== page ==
Judge Halts Trump’s Order on Sanctuary Cities. What Does It Mean?

A federal judge out of San Francisco has temporarily halted Donald Trump’s efforts to defund so-called “sanctuary cities.” Here’s some of what you need to know.

The preliminary injunction came in response to the lawsuits filed by San Francisco and Santa Clara.

San Francisco filed its lawsuit at the beginning of February. Santa Clara followed suit. The ruling means Trump’s executive order on sanctuary cities will be halted nationwide.

The judge said Trump's order was too broad.

Under federal law, the Department of Justice can only withhold specific funds from jurisdictions that refuse to comply with the law. However, Trump’s EO addressed all federal funding, casting too wide of a net, said Judge William H. Orrick. The Trump Administration’s public statements once again played a role in the judge’s ruling. “If there was doubt about the scope of the Order, the President and Attorney General have erased it with their public comments,” Judge Orrick wrote. He also cited Trump’s use of the term “weapon” when threatening to defund.

Trump’s Executive Order Threatens Separation of Powers.

“The Constitution vests the spending power in Congress, not the President, so the Order cannot constitutionally place new conditions on federal funds,” according to the judge. “Further, the Tenth Amendment requires that conditions on federal funds be unambiguous and timely made; that they bear some relation to the funds at issue; and that the total financial incentive not be coercive. Federal funding that bears no meaningful relationship to immigration enforcement cannot be threatened merely because a jurisdiction chooses an immigration strategy of which the President disapproves.”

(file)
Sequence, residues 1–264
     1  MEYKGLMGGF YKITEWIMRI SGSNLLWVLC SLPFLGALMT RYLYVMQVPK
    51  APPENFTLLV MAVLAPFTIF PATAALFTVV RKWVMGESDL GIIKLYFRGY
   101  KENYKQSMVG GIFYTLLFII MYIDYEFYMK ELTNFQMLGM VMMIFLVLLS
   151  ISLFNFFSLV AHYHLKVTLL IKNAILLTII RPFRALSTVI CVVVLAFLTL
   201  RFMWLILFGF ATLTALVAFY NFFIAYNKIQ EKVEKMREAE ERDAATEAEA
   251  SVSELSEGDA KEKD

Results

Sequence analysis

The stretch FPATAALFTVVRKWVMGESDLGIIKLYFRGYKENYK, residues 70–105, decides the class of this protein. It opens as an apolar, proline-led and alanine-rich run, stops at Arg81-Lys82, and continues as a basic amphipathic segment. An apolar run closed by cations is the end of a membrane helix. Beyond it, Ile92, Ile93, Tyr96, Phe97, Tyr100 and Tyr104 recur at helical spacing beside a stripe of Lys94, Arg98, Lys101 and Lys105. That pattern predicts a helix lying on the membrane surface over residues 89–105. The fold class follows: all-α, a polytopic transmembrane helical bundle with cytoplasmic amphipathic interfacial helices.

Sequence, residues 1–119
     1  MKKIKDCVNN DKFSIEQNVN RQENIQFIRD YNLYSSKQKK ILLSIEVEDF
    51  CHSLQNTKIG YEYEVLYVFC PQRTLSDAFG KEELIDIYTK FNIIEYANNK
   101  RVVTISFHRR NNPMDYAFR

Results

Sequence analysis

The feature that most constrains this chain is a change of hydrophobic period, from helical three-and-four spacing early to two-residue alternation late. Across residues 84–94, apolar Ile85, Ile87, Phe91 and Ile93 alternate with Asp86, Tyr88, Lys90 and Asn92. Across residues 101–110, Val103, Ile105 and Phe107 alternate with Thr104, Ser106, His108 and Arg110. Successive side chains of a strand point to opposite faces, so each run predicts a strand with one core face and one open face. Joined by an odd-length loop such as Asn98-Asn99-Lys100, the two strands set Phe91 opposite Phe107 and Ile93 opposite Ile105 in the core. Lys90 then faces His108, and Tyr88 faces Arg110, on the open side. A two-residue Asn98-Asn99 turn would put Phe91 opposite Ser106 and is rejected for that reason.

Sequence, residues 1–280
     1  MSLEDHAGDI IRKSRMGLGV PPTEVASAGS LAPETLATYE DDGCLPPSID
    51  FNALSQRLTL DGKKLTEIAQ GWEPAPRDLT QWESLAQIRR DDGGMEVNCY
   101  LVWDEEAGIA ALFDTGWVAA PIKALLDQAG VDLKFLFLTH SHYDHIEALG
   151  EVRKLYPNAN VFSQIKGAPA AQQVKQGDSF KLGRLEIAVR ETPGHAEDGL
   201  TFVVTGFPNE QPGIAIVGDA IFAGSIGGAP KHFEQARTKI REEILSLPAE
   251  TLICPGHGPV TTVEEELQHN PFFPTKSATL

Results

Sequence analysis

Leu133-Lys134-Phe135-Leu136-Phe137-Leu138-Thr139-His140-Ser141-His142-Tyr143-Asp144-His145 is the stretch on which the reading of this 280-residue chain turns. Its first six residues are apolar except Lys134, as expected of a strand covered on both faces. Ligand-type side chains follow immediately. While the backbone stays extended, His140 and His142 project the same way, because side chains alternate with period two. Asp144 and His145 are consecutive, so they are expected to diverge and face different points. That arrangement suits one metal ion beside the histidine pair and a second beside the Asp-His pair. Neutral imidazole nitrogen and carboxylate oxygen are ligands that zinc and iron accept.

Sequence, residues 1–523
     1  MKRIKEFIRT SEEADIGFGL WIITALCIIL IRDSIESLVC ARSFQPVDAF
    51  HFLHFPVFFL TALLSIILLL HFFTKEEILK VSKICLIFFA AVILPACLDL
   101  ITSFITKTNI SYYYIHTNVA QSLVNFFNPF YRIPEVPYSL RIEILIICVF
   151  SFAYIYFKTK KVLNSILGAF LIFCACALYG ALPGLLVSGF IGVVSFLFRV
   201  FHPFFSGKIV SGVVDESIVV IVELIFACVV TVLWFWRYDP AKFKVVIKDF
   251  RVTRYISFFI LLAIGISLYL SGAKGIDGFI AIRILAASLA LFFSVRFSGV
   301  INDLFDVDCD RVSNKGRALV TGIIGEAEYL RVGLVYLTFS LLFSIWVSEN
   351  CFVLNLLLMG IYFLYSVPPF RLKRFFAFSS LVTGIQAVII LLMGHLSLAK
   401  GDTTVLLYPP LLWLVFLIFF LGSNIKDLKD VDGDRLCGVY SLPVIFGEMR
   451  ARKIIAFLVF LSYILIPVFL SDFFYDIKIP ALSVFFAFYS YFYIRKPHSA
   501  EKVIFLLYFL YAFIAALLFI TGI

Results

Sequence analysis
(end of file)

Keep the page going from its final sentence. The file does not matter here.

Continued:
The counties had legal standing to sue.

Despite the administration’s claims to the contrary, Judge Orrick ruled that the counties had legal standing in the case. First, the loss of federal funding would have an enormous deleterious impact on their budgets. Second, given their current policies on federal immigration detainer requests, the judge said they are highly likely to be targeted by the order. The judge once again cited statements to the media that show Trump was likely to target these jurisdictions: “In a February 5, 2017 interview, President Trump specifically threatened to defund California, stating: ‘I’m very much opposed to sanctuary cities. They breed crime. There’s a lot of problems. If we have to we’ll defund, we give tremendous amounts of money to California . . . California in many ways is out of control.’”

The Definition of “Sanctuary Cities” is up in the air and that’s a problem.

Jurisdictions deserve to know what they can do to avoid a loss of funding under Trump’s EO, but the order doesn’t make that clear, said the judge. For starters, the EO does not even define “sanctuary city.” That has reopened up an entire public discussion on what it means to be a sanctuary city in the first place.

The White House responded to the ruling Tuesday.

"Today's ruling undermines faith in our legal system and raises serious questions about circuit shopping. But we are confident we will ultimately prevail in the Supreme Court, just as we will prevail in our lawful efforts to impose immigration restrictions necessary to keep terrorists out of the United States," it said in a statement.

An appeal by the Government would send the case before the 9th Circuit Court of Appeals.

You can read the entire opinion here


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